Women in Technology

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  There Is No Open Source Community
Subject:   Materialist vs. Idealist Worldview
Date:   2006-01-21 15:42:00
From:   linus.walleij

First: I dig your article. The pin-down of a few points of economic trends is superb.

I didn't get the title at first: then I realized: OK he means there is not *one* open source community, there may be *many*. Allrite. (I read this out from one of your comments.)

However I really see nothing else than the old argument of materialists versus idealist in this following "debate". Whereas the former see history at large as driven by economic motives and will claim that wars and other societal transformations are ultimately caused by limited resources and their distribution, the latter will line up a large line of "great men" who shaped the world by their pure ideas such as the Nietzschean entrepreneurs that were so vividly portrayed by the economist Joseph Schumpeter. (As if some platonic higher reality was projected onto our world through their excellent minds.)

I understand if you are surrounded on all sides by people who tell such stories of "great men" and their endavours: I believe it's typical United Statesean. To us in Europe it's quite uncommon really. (I cannot speak for the rest of the world.) I think the tendency among historians in our time is to make a synthesis and not paint things in black-and-white either-or chessboard squares.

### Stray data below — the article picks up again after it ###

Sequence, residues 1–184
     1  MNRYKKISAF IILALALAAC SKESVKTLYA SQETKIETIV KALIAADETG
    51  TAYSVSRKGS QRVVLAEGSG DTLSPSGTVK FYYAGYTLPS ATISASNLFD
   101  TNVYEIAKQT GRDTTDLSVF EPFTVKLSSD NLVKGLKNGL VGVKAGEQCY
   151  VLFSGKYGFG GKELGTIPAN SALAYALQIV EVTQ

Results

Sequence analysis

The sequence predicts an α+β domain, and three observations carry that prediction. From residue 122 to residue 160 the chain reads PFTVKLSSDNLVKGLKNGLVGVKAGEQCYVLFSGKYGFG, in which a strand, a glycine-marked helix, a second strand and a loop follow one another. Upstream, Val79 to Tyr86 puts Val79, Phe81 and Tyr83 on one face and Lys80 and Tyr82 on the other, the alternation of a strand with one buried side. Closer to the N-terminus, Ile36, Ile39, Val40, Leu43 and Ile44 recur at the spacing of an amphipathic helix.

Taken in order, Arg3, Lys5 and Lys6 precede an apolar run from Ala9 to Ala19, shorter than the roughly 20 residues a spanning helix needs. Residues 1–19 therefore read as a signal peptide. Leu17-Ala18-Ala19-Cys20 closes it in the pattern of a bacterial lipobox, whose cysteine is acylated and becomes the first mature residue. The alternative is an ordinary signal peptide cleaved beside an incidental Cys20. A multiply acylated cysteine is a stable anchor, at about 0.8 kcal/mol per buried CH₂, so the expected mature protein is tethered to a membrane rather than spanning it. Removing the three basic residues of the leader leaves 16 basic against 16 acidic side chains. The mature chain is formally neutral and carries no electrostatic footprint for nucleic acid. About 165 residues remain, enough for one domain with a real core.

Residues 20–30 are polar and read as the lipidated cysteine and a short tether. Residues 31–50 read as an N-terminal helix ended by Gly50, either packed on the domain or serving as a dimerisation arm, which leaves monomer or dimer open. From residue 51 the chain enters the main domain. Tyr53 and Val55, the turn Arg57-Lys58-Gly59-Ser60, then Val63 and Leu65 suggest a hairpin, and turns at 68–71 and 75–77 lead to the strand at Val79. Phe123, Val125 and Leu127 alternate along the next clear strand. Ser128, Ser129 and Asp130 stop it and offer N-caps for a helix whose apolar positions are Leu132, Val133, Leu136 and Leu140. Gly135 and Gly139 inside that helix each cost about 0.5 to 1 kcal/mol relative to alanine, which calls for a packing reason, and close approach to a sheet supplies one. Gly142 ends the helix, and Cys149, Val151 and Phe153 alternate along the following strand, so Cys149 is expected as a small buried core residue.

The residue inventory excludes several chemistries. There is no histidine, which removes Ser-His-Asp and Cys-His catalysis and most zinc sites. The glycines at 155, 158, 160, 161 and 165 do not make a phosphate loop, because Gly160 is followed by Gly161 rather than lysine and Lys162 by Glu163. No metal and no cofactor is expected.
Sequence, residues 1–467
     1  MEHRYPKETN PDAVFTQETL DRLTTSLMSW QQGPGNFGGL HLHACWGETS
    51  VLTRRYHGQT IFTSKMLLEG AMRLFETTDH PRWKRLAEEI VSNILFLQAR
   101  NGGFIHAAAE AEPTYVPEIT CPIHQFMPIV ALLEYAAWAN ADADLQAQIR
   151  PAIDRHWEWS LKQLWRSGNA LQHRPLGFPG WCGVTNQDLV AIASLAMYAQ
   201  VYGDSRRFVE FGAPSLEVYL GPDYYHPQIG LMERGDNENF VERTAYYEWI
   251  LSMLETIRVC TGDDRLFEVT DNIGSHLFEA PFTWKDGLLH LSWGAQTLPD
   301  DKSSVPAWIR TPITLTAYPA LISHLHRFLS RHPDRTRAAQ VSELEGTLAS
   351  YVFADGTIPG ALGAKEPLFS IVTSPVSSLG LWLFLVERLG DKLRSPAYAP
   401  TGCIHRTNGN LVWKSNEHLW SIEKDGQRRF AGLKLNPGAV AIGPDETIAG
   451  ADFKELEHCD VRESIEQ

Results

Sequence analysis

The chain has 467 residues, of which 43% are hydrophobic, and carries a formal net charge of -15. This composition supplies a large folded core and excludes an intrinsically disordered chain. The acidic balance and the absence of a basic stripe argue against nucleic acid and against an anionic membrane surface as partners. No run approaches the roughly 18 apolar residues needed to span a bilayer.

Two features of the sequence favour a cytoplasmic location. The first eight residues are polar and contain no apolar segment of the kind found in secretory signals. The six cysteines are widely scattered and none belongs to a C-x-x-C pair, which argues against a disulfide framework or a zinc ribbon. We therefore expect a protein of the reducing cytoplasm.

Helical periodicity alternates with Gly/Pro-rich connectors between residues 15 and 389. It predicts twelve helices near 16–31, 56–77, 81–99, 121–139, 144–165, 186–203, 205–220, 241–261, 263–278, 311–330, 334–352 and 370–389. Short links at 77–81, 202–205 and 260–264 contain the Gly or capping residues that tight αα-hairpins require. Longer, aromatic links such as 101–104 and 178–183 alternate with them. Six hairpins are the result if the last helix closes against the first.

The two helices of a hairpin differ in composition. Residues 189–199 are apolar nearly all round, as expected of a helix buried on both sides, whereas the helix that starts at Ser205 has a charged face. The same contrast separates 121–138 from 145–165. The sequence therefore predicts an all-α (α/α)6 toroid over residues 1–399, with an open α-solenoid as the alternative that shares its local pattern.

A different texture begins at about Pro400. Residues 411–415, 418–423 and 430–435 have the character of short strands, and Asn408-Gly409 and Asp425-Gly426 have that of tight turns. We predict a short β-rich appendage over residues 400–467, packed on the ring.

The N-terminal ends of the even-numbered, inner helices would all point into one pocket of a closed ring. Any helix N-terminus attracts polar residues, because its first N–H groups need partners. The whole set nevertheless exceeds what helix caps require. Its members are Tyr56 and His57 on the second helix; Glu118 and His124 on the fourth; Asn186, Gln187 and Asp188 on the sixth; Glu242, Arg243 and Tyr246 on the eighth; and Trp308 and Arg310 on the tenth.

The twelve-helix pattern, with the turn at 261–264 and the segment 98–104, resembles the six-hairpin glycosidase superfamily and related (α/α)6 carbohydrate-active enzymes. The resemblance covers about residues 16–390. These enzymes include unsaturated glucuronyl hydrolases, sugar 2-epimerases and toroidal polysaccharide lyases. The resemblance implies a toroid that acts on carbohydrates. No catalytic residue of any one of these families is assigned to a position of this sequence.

As for that old technology-push versus demand-pull debate: it is equally polarized.

David vs. Goliat etc themes: postmodernists call these "large narratives", i.e. stories that are so permeating that they control the way we can think about the world. Large narratives drive simplistic thinking, but does anyone really fall into that old trap anymore? I like to think positively about my contemporaries.

Eric S. Raymond has talked about the commoditization of the PC and I know he claimed at one point - though I can't remember which one - that when the cost of the operating system and applications of a commonplace mass market PC reach a certain percentage, it must tip over so that "PC packeters" start pre-installing free operating systems and application software to cut costs. Your article does not address this and the problematic issue as to why this has not happened to any great extent even though the operating system is today a substantial percentage of the cost for a new off-the-shelf PC.

More thougts than comments really.